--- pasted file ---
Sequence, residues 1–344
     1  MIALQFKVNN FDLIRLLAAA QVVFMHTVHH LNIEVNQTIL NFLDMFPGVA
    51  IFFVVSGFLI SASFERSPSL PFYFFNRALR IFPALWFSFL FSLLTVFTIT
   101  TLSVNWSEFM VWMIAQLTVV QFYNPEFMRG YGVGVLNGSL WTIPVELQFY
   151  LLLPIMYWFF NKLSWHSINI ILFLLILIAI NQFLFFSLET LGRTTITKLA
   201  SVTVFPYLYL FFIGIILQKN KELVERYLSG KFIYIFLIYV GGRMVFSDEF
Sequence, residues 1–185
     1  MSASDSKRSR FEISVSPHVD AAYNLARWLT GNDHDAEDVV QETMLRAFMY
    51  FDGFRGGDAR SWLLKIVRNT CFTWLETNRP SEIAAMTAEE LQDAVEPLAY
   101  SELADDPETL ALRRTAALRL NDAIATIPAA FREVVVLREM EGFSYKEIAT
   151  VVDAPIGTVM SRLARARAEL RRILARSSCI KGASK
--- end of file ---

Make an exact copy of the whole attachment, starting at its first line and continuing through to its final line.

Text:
Sequence, residues 1–344
     1  MIALQFKVNN FDLIRLLAAA QVVFMHTVHH LNIEVNQTIL NFLDMFPGVA
    51  IFFVVSGFLI SASFERSPSL PFYFFNRALR IFPALWFSFL FSLLTVFTIT
   101  TLSVNWSEFM VWMIAQLTVV QFYNPEFMRG YGVGVLNGSL WTIPVELQFY
   151  LLLPIMYWFF NKLSWHSINI ILFLLILIAI NQFLFFSLET LGRTTITKLA
   201  SVTVFPYLYL FFIGIILQKN KELVERYLSG KFIYIFLIYV GGRMVFSDEF
Sequence, residues 1–185
     1  MSASDSKRSR FEISVSPHVD AAYNLARWLT GNDHDAEDVV QETMLRAFMY
    51  FDGFRGGDAR SWLLKIVRNT CFTWLETNRP SEIAAMTAEE LQDAVEPLAY
   101  SELADDPETL ALRRTAALRL NDAIATIPAA FREVVVLREM EGFSYKEIAT
   151  VVDAPIGTVM SRLARARAEL RRILARSSCI KGASK